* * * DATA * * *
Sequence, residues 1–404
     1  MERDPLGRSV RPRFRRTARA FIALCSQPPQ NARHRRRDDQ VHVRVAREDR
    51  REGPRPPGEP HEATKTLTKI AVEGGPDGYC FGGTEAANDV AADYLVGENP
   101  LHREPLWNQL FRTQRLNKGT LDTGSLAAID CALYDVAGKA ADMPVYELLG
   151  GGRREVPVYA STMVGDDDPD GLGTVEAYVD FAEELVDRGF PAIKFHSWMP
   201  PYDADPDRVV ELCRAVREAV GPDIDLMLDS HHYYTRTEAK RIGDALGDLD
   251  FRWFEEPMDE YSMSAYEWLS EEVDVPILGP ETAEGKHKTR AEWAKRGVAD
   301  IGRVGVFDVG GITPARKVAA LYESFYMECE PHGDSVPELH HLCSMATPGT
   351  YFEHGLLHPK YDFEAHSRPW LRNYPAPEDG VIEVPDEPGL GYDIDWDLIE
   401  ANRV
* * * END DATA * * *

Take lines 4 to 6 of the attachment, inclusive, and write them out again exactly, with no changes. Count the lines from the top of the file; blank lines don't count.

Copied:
   101  LHREPLWNQL FRTQRLNKGT LDTGSLAAID CALYDVAGKA ADMPVYELLG
   151  GGRREVPVYA STMVGDDDPD GLGTVEAYVD FAEELVDRGF PAIKFHSWMP
   201  PYDADPDRVV ELCRAVREAV GPDIDLMLDS HHYYTRTEAK RIGDALGDLD